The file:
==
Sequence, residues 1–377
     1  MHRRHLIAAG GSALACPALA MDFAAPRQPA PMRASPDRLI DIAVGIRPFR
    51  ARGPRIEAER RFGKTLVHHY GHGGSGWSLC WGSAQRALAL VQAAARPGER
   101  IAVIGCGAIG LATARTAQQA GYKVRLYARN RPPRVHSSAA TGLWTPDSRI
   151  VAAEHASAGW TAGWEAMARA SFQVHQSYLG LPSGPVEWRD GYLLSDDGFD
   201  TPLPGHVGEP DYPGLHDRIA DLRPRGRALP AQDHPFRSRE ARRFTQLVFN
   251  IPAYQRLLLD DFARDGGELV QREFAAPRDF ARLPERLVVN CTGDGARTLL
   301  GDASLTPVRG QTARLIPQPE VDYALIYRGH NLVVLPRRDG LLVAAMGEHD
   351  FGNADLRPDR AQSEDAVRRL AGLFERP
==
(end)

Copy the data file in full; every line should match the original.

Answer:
Sequence, residues 1–377
     1  MHRRHLIAAG GSALACPALA MDFAAPRQPA PMRASPDRLI DIAVGIRPFR
    51  ARGPRIEAER RFGKTLVHHY GHGGSGWSLC WGSAQRALAL VQAAARPGER
   101  IAVIGCGAIG LATARTAQQA GYKVRLYARN RPPRVHSSAA TGLWTPDSRI
   151  VAAEHASAGW TAGWEAMARA SFQVHQSYLG LPSGPVEWRD GYLLSDDGFD
   201  TPLPGHVGEP DYPGLHDRIA DLRPRGRALP AQDHPFRSRE ARRFTQLVFN
   251  IPAYQRLLLD DFARDGGELV QREFAAPRDF ARLPERLVVN CTGDGARTLL
   301  GDASLTPVRG QTARLIPQPE VDYALIYRGH NLVVLPRRDG LLVAAMGEHD
   351  FGNADLRPDR AQSEDAVRRL AGLFERP